Homeownership is the largest source of wealth among households. Housing wealth (or net worth or equity) is built up over time via the home price appreciation and the principal payments that the homeowner makes on the loan.

NAR calculated the gains in housing wealth (equity) over a 5, 10, 15, and 30 year holding period using NAR’s median existing home price data, assuming a 10 percent down payment and a 30-year fixed rate mortgage. These calculations are illustrative of the magnitude of the wealth gains over time. Actual wealth gains will vary by property and type of financing.

Nationally, most of the wealth gains accrue from the appreciation in home values. As of 2020 Q2, a homeowner who purchased a single-family existing home five years ago (2015 Q2) gained $81,488 in wealth (equity), of which $61,600, or 75% was from the home price appreciation. Homeowners typically stay in their home for 10 years, so a homeowner who bought a home 10 years ago (2010 Q2) would have $144,490 in home equity gains. Over a 30-year period, the total home equity gain is $283,022. As of 2020 Q2, the annual home price growth over a 30-year period is 3.7%.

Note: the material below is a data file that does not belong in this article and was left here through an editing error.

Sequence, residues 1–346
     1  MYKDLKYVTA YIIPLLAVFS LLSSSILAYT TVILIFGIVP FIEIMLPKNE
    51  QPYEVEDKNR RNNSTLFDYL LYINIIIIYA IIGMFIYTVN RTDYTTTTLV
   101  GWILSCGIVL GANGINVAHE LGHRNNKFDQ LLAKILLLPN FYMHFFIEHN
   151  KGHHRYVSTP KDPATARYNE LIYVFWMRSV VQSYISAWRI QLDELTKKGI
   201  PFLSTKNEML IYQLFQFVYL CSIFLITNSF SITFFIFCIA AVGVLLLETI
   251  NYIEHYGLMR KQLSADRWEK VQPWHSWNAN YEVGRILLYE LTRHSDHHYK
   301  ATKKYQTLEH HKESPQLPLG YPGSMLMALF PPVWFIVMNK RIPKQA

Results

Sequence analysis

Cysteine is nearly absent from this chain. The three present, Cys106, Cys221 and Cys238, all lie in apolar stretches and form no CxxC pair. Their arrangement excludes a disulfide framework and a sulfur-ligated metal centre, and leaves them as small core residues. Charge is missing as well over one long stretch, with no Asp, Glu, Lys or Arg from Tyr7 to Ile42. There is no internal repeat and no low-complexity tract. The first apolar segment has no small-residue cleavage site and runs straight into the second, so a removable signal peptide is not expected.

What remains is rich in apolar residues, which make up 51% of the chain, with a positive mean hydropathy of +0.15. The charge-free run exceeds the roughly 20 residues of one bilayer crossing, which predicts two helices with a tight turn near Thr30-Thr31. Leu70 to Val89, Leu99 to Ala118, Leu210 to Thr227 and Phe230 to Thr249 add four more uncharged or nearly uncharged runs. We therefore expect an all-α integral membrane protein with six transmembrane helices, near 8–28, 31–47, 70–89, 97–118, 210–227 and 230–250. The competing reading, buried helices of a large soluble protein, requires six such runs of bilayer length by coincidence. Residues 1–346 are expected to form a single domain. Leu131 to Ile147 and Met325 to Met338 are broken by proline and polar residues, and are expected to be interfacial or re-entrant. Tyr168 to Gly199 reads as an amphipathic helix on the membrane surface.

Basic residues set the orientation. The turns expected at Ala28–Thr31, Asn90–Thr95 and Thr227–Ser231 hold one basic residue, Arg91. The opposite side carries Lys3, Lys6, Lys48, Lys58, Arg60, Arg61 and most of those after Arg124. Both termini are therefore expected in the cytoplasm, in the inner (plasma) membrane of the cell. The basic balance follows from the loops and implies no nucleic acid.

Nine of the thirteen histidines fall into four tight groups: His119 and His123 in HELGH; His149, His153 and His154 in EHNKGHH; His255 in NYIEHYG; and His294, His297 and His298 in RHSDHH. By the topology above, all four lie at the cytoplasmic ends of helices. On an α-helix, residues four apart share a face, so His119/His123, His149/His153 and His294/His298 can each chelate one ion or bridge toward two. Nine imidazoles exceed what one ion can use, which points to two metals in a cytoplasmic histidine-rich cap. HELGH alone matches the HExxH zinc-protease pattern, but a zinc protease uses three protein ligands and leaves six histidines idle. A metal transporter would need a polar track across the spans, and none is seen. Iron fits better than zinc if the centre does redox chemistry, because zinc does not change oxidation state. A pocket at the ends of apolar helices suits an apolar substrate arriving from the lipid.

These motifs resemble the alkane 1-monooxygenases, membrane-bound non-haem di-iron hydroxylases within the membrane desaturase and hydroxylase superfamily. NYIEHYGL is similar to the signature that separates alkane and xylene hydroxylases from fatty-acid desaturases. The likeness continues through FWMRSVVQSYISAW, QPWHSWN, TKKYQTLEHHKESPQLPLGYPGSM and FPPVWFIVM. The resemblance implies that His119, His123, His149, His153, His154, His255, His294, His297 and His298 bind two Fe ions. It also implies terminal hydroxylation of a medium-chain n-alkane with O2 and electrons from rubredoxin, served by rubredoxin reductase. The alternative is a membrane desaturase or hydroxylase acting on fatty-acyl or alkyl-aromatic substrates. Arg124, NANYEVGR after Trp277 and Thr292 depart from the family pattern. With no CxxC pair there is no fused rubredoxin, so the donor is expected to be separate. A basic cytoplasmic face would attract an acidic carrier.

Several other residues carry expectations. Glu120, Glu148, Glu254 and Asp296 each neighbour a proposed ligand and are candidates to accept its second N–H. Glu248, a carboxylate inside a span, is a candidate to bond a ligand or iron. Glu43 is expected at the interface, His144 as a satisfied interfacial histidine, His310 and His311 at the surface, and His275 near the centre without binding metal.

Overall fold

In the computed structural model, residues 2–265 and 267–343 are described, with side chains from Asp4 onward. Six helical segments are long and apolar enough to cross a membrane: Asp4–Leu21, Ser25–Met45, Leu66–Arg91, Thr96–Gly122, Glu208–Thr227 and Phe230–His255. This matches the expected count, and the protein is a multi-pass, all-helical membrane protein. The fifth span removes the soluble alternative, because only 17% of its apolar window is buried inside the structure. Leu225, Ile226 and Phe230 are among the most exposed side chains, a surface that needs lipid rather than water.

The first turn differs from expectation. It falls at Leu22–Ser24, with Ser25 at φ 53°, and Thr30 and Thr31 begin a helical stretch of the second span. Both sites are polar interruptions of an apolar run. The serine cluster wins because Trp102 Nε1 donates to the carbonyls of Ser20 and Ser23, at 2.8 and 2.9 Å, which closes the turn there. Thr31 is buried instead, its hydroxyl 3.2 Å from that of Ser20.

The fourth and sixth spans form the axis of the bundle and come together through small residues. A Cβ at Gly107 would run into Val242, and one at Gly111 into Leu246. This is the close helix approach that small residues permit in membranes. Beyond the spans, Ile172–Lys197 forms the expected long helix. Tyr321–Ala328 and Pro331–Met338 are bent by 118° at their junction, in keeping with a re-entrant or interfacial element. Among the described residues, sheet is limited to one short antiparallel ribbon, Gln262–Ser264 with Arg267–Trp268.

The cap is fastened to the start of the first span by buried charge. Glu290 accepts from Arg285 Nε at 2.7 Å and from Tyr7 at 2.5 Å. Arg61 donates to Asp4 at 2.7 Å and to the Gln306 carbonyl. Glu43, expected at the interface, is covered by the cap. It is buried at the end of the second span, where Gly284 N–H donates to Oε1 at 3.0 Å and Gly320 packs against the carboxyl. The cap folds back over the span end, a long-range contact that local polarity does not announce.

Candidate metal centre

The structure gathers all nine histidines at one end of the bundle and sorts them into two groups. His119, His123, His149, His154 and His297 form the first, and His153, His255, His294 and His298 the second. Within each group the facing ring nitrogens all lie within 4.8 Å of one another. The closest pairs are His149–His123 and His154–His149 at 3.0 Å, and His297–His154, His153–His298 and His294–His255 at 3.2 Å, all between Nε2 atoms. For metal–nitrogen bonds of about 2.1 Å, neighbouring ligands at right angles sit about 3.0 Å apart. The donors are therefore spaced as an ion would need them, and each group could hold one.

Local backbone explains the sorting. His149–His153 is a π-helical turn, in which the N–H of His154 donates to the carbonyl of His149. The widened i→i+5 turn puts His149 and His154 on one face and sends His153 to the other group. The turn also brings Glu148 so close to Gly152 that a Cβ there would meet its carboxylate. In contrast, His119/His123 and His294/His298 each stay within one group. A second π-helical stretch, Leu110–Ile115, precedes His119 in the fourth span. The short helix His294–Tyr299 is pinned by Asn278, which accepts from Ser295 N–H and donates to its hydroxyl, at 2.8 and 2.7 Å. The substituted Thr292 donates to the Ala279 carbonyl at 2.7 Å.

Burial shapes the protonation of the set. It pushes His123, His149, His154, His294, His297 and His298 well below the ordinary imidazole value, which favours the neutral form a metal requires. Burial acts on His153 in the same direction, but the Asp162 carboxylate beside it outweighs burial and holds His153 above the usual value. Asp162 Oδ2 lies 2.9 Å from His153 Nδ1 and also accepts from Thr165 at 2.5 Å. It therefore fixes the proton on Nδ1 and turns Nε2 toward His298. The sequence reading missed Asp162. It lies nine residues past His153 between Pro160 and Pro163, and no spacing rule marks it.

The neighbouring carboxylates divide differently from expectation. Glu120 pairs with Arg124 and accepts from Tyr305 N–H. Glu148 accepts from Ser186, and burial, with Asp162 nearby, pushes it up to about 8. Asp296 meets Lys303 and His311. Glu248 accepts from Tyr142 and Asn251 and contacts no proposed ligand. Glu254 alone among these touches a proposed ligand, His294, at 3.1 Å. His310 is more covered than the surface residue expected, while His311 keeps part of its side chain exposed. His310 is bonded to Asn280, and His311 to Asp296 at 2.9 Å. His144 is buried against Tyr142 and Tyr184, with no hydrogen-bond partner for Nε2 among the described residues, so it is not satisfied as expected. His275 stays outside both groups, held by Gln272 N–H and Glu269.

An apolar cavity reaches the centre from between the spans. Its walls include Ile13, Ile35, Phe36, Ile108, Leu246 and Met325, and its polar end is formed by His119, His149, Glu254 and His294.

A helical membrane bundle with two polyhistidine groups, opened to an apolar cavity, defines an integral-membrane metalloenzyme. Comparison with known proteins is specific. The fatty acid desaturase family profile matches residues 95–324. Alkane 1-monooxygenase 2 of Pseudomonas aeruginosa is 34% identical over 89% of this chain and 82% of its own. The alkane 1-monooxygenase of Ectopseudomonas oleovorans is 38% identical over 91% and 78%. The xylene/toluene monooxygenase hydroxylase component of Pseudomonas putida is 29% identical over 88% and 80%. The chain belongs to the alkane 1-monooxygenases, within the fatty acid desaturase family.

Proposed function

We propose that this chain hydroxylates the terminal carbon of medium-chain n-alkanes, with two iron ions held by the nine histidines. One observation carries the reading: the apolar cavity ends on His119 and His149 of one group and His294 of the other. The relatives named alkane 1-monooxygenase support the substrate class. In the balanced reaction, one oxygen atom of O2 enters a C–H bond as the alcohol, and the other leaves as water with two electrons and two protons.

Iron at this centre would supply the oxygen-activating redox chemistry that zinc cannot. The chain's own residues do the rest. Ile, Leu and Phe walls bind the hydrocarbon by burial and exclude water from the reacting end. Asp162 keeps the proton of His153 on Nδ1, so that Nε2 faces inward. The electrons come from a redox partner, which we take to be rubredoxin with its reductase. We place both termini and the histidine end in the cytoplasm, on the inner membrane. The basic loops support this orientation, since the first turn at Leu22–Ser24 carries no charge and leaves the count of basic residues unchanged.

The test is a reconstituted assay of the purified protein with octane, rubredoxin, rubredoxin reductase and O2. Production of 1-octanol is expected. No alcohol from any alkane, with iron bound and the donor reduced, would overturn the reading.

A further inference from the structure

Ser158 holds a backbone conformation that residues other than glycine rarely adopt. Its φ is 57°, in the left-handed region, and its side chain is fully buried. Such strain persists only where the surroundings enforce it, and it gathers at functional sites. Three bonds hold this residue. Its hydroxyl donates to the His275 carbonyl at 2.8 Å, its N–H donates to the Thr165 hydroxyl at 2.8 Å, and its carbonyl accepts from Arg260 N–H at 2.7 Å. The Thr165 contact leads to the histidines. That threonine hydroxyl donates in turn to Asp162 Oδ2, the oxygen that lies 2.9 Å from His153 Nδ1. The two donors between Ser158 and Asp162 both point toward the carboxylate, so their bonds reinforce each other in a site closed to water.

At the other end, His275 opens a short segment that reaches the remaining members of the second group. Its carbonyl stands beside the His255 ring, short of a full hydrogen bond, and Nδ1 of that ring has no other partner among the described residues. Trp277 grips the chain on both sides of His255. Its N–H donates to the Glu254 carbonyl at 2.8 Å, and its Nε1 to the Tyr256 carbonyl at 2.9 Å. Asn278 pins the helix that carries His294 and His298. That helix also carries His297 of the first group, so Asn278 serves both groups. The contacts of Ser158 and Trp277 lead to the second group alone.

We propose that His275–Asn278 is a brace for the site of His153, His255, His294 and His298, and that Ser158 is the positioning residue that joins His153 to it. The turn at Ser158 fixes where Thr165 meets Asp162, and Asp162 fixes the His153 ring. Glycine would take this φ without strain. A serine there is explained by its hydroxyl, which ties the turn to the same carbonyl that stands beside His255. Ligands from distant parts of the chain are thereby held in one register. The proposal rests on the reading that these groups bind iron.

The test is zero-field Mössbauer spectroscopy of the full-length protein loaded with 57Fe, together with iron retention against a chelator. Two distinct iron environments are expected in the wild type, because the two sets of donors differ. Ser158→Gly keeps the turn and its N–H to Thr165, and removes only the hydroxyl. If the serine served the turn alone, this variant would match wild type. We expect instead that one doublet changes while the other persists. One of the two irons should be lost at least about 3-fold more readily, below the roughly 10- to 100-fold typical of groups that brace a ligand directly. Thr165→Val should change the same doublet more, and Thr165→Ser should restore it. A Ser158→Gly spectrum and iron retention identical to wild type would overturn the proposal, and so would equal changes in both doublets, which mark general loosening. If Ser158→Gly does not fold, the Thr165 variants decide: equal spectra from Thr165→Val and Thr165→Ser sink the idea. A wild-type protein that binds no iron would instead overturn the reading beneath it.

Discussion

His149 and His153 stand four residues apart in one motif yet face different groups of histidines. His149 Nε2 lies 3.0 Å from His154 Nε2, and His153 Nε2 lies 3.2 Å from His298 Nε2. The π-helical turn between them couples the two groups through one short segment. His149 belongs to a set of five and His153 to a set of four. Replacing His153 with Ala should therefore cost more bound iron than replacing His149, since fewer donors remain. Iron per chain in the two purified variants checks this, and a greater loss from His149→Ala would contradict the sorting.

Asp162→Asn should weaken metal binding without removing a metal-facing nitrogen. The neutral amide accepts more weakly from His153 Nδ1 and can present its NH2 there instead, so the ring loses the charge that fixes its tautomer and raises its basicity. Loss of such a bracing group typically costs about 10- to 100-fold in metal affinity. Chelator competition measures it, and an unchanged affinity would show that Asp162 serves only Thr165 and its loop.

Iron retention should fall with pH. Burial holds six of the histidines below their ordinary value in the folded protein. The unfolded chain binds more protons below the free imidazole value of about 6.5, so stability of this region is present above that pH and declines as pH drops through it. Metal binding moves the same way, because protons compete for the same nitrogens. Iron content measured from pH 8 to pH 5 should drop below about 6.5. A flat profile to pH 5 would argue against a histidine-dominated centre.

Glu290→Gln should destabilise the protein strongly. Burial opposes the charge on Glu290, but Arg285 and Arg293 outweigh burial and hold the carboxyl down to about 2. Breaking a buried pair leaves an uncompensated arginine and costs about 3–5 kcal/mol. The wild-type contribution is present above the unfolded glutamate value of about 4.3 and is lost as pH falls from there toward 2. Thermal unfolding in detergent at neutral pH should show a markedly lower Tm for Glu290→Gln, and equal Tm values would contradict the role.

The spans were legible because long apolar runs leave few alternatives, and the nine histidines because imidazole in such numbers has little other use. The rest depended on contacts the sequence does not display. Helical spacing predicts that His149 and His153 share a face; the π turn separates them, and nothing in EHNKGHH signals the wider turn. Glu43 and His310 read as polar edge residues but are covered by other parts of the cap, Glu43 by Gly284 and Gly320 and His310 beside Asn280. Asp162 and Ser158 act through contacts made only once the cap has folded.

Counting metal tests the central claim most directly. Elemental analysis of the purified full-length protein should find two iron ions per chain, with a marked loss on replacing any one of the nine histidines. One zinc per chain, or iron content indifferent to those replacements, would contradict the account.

Download the .pdf reports for 181 metropolitan statistical areas.

Line graph/bar chart: Wealth Gains, Typical Single-Family Home 5, 10, 15, and 30 Years Ago

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